12.07.2001 and P/Stores/Seniority list/COS 29.10.2003, P/Stores/Seniority
List/COS dated 27.01.1994 placing at their appropriate place as per their original
seniority assigned vide Office Order dated 10.02.1995.
Thus it is clear from
the above position that their date of promotion in their earlier cadre of
DGS&D has been protected and they have been assigned seniority in Railway
considering length of service in the grade of DGS&D. In the seniority list
dated 27.1.2004, Smt. Sengupta and Sri Nath are at S.Nos. 20 & 21 in the
present selection staff in general seniority upto9 has been called 5 persons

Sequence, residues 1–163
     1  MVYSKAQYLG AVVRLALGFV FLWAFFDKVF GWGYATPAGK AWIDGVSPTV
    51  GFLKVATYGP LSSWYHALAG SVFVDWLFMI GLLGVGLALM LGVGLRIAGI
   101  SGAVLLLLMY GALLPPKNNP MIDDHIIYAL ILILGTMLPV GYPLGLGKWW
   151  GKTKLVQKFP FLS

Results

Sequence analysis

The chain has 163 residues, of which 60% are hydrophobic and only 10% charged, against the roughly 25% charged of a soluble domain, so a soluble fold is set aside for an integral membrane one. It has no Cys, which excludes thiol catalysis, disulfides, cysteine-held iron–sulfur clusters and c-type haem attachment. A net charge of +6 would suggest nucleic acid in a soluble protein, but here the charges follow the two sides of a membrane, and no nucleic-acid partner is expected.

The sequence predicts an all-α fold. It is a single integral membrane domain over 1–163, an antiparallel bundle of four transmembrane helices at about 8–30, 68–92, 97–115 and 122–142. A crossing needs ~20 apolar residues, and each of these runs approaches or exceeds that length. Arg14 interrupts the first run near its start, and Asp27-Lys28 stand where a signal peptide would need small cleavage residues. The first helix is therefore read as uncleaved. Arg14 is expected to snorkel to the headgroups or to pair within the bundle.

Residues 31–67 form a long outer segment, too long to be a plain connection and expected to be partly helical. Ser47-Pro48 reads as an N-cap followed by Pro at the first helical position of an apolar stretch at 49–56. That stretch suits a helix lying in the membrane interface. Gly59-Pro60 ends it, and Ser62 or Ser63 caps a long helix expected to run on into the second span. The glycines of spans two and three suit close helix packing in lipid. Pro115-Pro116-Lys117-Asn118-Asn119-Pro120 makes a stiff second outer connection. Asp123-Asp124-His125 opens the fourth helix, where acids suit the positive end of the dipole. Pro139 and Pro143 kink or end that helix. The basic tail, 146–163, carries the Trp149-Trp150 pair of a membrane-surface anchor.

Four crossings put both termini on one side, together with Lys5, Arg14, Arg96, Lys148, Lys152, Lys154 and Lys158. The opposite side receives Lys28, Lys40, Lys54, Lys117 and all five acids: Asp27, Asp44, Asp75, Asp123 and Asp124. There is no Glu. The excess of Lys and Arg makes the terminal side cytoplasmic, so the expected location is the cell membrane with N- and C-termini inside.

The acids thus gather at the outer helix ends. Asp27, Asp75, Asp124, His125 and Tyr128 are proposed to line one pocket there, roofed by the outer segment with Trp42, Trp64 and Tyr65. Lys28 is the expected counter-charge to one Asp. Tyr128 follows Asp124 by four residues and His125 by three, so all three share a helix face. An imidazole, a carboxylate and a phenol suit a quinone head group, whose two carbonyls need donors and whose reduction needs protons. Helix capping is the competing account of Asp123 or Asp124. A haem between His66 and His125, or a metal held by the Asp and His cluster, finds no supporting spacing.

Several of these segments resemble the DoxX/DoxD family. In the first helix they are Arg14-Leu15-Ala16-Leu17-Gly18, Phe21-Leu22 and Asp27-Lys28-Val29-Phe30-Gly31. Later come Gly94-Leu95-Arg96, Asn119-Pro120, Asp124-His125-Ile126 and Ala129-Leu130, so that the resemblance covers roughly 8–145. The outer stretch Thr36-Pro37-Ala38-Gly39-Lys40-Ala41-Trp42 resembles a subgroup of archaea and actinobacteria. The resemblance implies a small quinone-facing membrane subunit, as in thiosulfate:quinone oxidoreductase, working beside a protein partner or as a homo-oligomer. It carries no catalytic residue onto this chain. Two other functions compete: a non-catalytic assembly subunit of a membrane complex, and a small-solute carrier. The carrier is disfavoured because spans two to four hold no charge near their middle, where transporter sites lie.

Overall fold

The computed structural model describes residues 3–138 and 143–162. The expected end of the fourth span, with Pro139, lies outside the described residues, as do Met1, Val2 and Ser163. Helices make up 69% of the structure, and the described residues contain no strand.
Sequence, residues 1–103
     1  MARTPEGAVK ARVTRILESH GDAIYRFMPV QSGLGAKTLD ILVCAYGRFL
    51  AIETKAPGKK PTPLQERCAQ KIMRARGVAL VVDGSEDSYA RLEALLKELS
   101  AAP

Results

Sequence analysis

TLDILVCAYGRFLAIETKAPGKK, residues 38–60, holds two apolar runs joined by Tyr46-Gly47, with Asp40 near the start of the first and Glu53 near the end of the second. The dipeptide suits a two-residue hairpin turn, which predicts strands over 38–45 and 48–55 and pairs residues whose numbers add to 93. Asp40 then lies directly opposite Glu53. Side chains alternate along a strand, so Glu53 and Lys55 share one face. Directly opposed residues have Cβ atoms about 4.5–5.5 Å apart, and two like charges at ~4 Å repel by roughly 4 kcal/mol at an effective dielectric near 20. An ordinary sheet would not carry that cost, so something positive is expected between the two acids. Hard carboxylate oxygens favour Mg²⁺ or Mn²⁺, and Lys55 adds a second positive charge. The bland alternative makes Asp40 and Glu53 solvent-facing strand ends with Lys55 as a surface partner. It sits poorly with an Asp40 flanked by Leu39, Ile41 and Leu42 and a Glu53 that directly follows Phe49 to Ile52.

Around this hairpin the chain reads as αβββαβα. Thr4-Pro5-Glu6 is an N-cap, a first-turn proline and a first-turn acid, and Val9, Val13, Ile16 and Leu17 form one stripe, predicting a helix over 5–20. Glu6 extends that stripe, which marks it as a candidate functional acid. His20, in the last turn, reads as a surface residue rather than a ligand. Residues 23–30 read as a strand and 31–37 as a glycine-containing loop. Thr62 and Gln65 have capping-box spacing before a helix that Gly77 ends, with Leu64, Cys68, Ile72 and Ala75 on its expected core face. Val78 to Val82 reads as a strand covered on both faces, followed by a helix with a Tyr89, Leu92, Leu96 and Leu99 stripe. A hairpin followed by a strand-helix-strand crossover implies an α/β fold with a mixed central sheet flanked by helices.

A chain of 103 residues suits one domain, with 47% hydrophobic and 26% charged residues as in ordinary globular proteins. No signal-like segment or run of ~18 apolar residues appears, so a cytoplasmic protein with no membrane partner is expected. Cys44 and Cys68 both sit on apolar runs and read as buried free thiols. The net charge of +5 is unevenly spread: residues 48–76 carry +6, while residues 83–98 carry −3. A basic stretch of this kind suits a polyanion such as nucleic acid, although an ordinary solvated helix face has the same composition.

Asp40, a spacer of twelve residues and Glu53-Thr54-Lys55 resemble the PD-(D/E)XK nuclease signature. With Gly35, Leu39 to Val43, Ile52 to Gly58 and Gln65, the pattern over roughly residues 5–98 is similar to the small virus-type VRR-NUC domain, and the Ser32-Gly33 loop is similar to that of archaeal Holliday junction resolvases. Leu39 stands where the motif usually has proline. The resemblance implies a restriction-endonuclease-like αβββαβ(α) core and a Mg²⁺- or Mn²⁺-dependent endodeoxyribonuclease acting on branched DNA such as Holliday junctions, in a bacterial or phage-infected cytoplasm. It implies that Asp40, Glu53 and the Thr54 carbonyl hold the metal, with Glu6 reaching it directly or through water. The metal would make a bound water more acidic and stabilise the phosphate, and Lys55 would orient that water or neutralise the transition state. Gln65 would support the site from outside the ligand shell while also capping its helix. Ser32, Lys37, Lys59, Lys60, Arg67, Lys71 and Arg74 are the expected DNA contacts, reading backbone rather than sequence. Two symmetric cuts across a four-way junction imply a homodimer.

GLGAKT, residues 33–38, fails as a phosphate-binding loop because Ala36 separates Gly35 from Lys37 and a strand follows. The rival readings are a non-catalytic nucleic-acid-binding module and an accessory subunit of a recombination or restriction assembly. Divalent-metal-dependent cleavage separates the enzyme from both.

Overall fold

senior to them in the general seniority are also not called because in the
present selection of SO Gr. II, COS's office in scale Rs.5500-9000/- (RSRP)
their name do not come under the zone of consideration as per the seniority
list published in the year mentioned above. Hence they are not considered for the
post of OS Gr. II on restructuring basis.
representationists may be informed accordingly serving one copy of this letter
Personnel Officer(W)Copy to: COS/GRC for information and necessary action.
Chief Personnel Officer"
the CAT has expressed that the said compliance is not in tune with its order
dated 09.05.2005, as rightly pointed out by Mr. Mohan Jain, learned ASG, that as
per the order, promotion was granted to the respondents from the earliest date
which is admissible as per rules and as provided by the Railway Board. As pointed
out by the appellants, the Tribunal has ignored the fact that the consequential